The Hot Pursuit of Happiness

What is happiness? And why should you be dumb enough to pursue it?

A quest like the Time Barrier lets you ask big questions while using words like "quest." I honestly believe that an agonizing activity like running up a mountain can make me happy. And I believe that being open to experimentation, ideas, and the great blackfly-filled outdoors can make me happy. 

Why? Because a life shouldn't be measured not in years but in fullness. Mozart died young, and you can't say he didn't live a pretty full life. Ditto Jesus. Ditto Joan of Arc probably. What if I could be lucky enough to live fully right up till the moment I sprint across the finish line of life and croak without a single hospital stay?  

Our culture tends to do the opposite. One third of hospital costs in this country (a figure I need to factcheck) goes toward the last year of life. People going gently, and expensively, into that good night.

Research seems to show, on the other hand, that a fit middle age makes for an active, and relatively hospital-free, old age.

Back to happiness:

I’m running backwards in time, and it isn’t pretty. The dry mountain air makes my bronchial tubes honk each time I exhale. Something—glycogen depletion? Lactic acid? Tears of pain?—coats my eyeballs with a cloudy film and obscures the next boulder. And this ancient riverbed is nothing but boulders, left by recent glaciers.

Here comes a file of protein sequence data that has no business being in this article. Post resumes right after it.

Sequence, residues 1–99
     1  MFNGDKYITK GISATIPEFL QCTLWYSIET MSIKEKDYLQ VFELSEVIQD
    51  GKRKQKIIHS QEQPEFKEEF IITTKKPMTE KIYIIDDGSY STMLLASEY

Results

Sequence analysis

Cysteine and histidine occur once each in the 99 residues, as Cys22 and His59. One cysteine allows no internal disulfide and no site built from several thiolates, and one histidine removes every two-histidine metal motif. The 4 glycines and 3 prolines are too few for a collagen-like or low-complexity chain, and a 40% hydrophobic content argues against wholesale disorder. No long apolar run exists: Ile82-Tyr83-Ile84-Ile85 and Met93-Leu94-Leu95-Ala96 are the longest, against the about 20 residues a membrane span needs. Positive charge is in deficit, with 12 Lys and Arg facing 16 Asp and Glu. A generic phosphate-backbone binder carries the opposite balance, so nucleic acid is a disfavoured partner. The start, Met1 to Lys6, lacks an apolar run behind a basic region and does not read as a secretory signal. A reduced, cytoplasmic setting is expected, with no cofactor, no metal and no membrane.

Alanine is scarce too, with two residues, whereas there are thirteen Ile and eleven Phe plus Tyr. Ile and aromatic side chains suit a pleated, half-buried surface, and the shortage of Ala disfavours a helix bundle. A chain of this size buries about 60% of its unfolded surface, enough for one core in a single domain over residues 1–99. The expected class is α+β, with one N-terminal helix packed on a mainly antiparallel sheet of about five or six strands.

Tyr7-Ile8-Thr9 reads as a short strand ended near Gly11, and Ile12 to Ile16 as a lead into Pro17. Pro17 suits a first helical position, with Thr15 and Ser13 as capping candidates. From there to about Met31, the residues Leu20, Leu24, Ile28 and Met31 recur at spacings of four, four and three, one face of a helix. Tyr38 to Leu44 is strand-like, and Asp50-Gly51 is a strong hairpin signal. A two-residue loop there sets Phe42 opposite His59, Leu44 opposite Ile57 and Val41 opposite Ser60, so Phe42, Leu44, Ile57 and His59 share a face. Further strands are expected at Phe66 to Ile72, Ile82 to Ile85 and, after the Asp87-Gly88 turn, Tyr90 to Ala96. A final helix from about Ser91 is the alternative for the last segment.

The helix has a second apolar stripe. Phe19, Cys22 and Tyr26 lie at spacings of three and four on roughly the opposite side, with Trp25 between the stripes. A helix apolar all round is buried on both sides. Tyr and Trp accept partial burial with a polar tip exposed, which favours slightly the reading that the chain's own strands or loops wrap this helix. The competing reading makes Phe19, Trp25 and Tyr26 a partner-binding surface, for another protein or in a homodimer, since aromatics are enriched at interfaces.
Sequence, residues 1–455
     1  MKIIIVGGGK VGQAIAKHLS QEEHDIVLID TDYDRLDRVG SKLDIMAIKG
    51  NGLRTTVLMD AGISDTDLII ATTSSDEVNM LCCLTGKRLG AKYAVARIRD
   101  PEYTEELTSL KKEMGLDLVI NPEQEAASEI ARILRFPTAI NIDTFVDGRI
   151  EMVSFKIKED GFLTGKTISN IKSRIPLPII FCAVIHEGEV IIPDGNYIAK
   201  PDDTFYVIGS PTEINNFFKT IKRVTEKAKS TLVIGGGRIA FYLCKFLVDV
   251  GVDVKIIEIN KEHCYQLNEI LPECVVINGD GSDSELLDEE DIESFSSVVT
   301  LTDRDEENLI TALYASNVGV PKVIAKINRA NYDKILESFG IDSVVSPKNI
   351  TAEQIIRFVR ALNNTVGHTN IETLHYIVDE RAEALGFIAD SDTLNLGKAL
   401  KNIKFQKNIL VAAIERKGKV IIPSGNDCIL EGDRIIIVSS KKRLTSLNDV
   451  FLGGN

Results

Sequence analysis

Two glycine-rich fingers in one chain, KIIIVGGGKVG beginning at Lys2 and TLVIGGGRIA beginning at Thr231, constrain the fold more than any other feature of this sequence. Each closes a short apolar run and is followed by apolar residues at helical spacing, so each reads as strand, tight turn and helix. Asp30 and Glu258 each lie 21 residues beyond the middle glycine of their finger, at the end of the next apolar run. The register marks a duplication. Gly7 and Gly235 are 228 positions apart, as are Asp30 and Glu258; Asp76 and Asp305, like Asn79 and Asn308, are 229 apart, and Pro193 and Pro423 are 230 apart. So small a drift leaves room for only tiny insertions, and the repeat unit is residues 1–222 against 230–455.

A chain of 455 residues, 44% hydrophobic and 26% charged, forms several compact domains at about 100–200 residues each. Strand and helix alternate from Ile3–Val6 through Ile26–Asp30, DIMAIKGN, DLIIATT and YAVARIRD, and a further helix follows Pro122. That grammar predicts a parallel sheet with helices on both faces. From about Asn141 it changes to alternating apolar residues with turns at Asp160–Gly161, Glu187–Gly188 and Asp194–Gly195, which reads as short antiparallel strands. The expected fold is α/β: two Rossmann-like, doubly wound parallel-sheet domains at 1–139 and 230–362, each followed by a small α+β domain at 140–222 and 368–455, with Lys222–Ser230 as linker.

“Boing,” I tell myself. Don’t run. Boing.” I boing, pretending I’m lighter than I am.

I gulp a breath and check my watch. Thirty seconds within my Margin of Youth. If I maintain this pace I’ll break the Time Barrier, jump back through the years and officially become younger than my recorded age. Fewer than a dozen people have broken the Time Barrier, and no one over fifty has ever done it.

This is no science fiction; it’s real. The Time Barrier lies at the end of the Gorge Brook Trail atop Mt. Moosilauke in New Hampshire. To break it you must run your age—reach the 4,800-foot summit in fewer minutes than you’re old in years. Most who have done it were in their forties.

They’re the heroes of Gorge Brook, a slick path with VW-sized rocks that rises 2,800 feet from trailhead to summit in 3.7 miles. This happens to be the ideal elevation gain and distance to measure an athlete’s aerobic fitness. The Dartmouth College ski team has used Gorge Brook to test the oxygen uptake of its skiers every fall. In the old days you got kicked off the team if you failed to make it to the top inn less than 50 minutes. Since then, the trail has been rerouted around flooded or eroded stretches, increasing the distance to the top. It’s getting increasingly difficult to run one’s age. The Time Barrier lies that much farther away.